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Friday, July 22, 2016
 
More on athlete speech in the WNBA (Second Update)

Second Update (Saturday evening): The WNBA, about to enter a month-long break for the Olympics, has rescinded the fines against several teams and players and will use the break to negotiate with the players' union about rules for player protests.

Original Post:

Following on my post about protests by WNBA players: Claire McNear at The Ringer wonders when the WNBA became apolitical, given the league's reactions to previous tragedies such as the Orlando shooting (when the league gave the players official memorial t-shirts), to say nothing of the league's general promotion of LGBTQ and women's issues. It also departs from the NBA's response both to the Lynx protest (NBA Commissioner Adam Silver praised their efforts) and to individual NBA players who have spoken out in similar ways the past few seasons (notably in wearing "I Can't Breathe" shirts during warm-ups). McNear questions whether the line really can be about who made and distributed the t-shirts.

Unfortunately, I fear a different explanation. The recent deaths of police officers has made them untouchable in the realm of public debate. You no longer can criticize or protest police officers, as by memorializing the victims of police-involved shootings (even as part of a general statement against all violence by memorializing everyone). The Orlando memorials no longer work as analogue, because the shooter there was a terrorist, not to mention an "other," so honoring those victims does not implicate police. We may be entering a time in which athletes can speak through the game, but only to express certain messages or certain positions on an issue.

As I said in the prior post, this is playing out on a smaller stage. The question is whether the same limitations are imposed on NBA or NFL players.

Update (Saturday afternoon): In my prior post, I argued that the key question is the extent to which athletes should be able to use the game, on the field/court, as a platform for their expression. The answer from the WNBA, according to this ESPN story, is that the players should keep their activism off the court. The league and the union have been trying to negotiate some arrangements, such as allowing players to wear what they want during early warmups (until, say ten minutes before the game), then change into official shirts for the national anthem; so far, they have been unable to reach an agreement.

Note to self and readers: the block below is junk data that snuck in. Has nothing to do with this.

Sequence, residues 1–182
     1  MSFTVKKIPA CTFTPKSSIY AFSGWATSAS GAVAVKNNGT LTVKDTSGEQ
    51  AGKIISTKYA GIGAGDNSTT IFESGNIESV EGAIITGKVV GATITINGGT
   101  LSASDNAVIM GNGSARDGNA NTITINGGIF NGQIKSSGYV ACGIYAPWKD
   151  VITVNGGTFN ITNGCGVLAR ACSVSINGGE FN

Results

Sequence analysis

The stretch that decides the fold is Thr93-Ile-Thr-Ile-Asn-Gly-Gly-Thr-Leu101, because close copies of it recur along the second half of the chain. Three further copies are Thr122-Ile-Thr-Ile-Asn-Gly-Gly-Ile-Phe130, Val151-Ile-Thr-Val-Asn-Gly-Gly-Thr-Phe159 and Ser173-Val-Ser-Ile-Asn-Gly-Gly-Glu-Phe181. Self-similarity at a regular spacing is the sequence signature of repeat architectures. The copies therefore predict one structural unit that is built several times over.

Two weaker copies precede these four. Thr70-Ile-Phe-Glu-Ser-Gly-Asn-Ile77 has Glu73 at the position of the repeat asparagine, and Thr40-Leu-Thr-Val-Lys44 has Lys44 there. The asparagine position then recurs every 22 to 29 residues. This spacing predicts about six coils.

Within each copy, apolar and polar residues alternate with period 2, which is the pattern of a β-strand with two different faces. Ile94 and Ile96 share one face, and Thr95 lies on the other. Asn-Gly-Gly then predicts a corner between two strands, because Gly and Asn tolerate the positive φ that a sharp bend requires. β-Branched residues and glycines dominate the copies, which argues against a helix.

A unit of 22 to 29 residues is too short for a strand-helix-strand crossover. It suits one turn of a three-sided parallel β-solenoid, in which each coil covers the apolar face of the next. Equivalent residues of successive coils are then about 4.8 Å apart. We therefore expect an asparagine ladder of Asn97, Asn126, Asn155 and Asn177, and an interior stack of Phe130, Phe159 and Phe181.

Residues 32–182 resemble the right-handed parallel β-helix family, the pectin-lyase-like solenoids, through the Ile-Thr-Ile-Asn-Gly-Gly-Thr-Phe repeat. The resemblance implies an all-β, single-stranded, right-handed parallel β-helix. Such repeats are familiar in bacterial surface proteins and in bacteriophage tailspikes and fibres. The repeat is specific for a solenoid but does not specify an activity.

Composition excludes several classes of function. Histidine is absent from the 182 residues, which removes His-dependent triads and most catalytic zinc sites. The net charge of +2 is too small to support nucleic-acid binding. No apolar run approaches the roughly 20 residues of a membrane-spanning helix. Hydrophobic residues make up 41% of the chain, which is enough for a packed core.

The story includes comments from USA Coach Geno Auriemma, who seems to expect some players to attempt to speak out during the Olympics, which would become a matter for Olympic and basketball authorities. I hope we have come far enough in 48 years that the USOC would not respond as it did to Tommie Smith and John Carlos, by kicking them out of the Olympic Village.

I am more surprised by the following from Auriemma:
"I respect Tina (Charles) and the players in the WNBA for their concern and their voices and the passion that they have and for their beliefs. I really do," he said, citing the former UConn player and Liberty star for wearing her warmup shirt inside-out before Thursday's game. "I'm really proud of some of my former players and the way they've stepped forward and spoken their conscience and express their feelings."
This is a change in tone from Auriemma. In 2003, a small-college basketball player named Toni Smith began protesting the Iraq War by turning her back on the flag during the pre-game playing of the national anthem (what I described as "symbolic counter-speech"). Her coaches and teammates accepted her protest. But coaches and commentators criticized her actions, if only for distracting from the team. Auriemma, among others, insisted that whatever a player's right to speak, she did not have right to be part of the UConn women's basketball team (or to speak through her participation in the UConn women's basketball team). I am happy to see he has come around on this.





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